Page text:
Since he graduated from MCLA in 2013, Max Roman Dilthey has amassed more than five million readers through his cycling, hiking and backpacking website,, and with online publications his writing has appeared in, such as The Solar Tribune, The Houston Chronicle, The Seattle Post-Intelligencer and
Because of this work, Dilthey, who double majored in English and environmental studies at MCLA, recently won the 2016 New England Outdoor Writing Association's Award.
"I write about things that mean a lot to me, and I think anyone can connect with someone's experience if the story they're telling is meaningful and honest," Dilthey said.
"I think it's great that a lot of my work resonates with people. I especially love the community on my site, where I have regular readers who comment and tell me what they think about my articles. That feedback really makes me want to write more and more," he added.
Dilthey originally planned to major in art. He switched to English after a positive experience in a writing course. Then, during his sophomore year, he became "hooked" on biology after taking a course to fulfill a science prerequisite, and ended up adding the environmental studies major soon after.
"I don't think I'd have picked either of these majors if I wasn't inspired by the courses and professors at MCLA," Dilthey said.
Now a graduate student in the Sustainability Science program at the University of Massachusetts at Amherst, where he is completing his master's degree and beginning work on his Ph.D., Dilthey's many activities include working with a team of Ph.D. students and faculty to co-author a paper on adaptation and mitigation for climate change resilience in coastal environments.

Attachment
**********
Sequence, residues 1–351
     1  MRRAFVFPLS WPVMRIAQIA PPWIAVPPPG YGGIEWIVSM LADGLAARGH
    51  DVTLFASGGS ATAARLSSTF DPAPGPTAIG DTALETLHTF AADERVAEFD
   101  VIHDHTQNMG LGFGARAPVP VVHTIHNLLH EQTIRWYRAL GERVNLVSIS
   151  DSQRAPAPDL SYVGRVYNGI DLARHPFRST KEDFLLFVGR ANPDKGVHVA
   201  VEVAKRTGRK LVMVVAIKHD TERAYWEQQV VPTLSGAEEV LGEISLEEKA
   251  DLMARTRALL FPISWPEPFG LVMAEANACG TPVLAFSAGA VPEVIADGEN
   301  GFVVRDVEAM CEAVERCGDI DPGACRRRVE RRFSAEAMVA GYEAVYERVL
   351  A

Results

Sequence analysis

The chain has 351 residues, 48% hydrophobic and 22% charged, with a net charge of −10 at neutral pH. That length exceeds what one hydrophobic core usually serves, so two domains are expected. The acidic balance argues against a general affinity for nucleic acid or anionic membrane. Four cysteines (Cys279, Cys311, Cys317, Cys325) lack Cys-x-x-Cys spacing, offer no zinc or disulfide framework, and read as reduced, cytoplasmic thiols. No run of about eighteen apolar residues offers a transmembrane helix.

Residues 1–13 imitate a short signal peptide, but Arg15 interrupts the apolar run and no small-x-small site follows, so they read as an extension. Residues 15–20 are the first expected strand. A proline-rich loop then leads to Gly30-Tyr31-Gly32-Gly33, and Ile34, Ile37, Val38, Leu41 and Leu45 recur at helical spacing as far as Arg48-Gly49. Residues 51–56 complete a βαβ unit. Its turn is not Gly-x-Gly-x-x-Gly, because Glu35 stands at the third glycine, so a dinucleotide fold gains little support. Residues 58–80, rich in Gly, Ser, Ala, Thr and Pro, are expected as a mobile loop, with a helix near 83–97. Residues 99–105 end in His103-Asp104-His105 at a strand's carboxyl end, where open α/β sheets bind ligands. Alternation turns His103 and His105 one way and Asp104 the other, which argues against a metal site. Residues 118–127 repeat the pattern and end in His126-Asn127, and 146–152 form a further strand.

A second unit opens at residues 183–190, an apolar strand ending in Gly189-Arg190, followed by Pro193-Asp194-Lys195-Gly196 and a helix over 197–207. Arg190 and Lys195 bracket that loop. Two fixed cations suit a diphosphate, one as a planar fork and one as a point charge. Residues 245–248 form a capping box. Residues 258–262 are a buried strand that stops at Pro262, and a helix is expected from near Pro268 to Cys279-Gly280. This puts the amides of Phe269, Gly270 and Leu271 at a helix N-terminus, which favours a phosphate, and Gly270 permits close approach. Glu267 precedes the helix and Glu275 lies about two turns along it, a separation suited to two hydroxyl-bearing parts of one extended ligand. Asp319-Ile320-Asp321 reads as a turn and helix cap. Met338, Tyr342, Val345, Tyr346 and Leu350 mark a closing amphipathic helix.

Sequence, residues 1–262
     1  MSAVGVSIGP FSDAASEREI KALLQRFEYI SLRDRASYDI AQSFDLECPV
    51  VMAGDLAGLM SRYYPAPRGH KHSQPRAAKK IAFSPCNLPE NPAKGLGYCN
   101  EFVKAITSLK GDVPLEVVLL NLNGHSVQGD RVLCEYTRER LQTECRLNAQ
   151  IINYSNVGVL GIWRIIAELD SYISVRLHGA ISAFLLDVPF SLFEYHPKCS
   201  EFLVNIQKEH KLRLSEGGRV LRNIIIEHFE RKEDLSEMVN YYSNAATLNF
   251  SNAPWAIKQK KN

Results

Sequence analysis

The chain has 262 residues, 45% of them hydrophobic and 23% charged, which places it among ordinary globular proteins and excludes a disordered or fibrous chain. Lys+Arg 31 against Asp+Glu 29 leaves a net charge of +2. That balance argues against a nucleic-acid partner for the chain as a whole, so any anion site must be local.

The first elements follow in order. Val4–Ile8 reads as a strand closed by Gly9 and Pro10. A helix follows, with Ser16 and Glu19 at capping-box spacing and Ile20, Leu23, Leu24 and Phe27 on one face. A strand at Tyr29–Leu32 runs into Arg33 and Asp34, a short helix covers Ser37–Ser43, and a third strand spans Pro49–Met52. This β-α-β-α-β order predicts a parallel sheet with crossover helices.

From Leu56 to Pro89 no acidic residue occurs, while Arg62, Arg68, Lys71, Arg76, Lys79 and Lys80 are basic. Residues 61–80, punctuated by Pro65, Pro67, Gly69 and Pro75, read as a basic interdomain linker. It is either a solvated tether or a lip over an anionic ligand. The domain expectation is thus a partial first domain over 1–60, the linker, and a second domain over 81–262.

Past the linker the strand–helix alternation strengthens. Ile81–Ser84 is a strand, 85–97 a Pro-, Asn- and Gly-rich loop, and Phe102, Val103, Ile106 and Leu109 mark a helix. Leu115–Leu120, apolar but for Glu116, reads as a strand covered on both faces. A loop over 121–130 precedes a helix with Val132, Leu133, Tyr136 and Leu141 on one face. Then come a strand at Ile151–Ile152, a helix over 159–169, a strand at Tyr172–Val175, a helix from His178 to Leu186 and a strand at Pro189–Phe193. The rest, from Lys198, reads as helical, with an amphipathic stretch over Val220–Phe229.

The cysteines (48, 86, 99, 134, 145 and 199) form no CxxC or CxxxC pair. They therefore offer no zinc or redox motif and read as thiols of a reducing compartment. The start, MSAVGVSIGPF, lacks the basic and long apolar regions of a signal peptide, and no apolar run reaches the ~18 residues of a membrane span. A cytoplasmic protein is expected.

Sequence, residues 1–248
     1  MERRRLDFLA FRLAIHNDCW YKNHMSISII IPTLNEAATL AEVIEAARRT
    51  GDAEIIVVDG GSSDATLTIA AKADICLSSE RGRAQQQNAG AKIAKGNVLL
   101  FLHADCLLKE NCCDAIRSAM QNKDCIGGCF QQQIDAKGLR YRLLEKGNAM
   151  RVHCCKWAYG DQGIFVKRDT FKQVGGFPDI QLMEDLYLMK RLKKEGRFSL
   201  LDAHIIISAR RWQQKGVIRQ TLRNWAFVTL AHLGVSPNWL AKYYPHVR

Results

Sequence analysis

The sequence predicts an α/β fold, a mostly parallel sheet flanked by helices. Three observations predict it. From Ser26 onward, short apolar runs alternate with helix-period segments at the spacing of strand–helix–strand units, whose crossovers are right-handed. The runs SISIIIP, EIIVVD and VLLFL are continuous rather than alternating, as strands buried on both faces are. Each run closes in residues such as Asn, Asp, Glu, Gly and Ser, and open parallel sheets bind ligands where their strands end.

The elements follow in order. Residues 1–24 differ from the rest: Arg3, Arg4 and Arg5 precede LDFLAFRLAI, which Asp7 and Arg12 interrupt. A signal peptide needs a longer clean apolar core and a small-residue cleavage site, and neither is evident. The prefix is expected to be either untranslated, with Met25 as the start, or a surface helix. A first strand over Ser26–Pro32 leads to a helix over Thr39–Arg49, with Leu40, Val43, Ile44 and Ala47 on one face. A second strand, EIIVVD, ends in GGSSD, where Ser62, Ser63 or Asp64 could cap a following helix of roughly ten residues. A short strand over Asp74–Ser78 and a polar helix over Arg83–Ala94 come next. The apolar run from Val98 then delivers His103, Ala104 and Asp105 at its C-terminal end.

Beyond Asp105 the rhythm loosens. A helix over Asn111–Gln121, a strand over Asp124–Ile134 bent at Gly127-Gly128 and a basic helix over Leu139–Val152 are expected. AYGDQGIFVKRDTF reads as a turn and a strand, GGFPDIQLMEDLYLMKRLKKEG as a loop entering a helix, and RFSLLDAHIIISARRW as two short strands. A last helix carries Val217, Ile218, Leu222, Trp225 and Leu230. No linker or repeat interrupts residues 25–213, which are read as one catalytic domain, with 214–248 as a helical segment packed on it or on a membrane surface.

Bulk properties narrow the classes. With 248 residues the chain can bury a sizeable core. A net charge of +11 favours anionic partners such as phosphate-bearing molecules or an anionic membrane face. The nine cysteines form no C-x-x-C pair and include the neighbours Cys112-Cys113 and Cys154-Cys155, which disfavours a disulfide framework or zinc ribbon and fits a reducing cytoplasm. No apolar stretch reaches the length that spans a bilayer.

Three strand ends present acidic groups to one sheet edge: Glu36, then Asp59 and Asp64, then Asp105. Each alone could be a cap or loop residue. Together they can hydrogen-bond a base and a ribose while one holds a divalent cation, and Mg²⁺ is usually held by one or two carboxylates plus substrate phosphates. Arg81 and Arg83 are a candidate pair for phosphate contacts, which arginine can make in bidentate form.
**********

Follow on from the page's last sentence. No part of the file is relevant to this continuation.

Dilthey also teaches his own class," Sustainable Living: Solutions for the 21st Century," a four-credit course for first-year UMass students.
In addition, he's working with the Residential Academic Programs Office to develop new connections for first-year students and programming partners across the University of Massachusetts system as they create a general education course on life at college.
"I push the benefits and importance of a diverse, rich, and multifaceted education to my students any chance I get, using my time at MCLA as an example of the power of interdisciplinary learning. I am immensely proud of our school, and I am lucky to have started there. I would not be here without MCLA," he said.
In fact, Dilthey finds himself spending a good deal of time telling students about the benefits of his experiences at MCLA, such as how they can find opportunities in clubs and the value of  learning from a diverse selection of classes.
Dilthey, whose writing also is featured in Adventure Cycling and Bikepackers magazines, discovered his love for camping, hiking and backpacking during his senior year through the MCLA Outdoors Club. There, he learned everything he needed to know to eventually lead trips himself. The experience, he said, was "transformative."
At UMass, Dilthey said he has one of the strongest backgrounds in environmental law among others in his department. "MCLA taught me that the courses outside of your major or focus can sometimes be the most valuable to your career. 
He recommends MCLA – and the English and environmental sciences programs, in particular – to prospective students.
"Both of these degrees are absolutely as rigorous and comprehensive as degrees from other colleges, and I have never once felt underprepared for my career and graduate school. I know a lot of my peers that graduated with me would say the same thing," Dilthey said. "Our entire group is doing amazing things, and we're all still connected because of the sense of community we had at MCLA."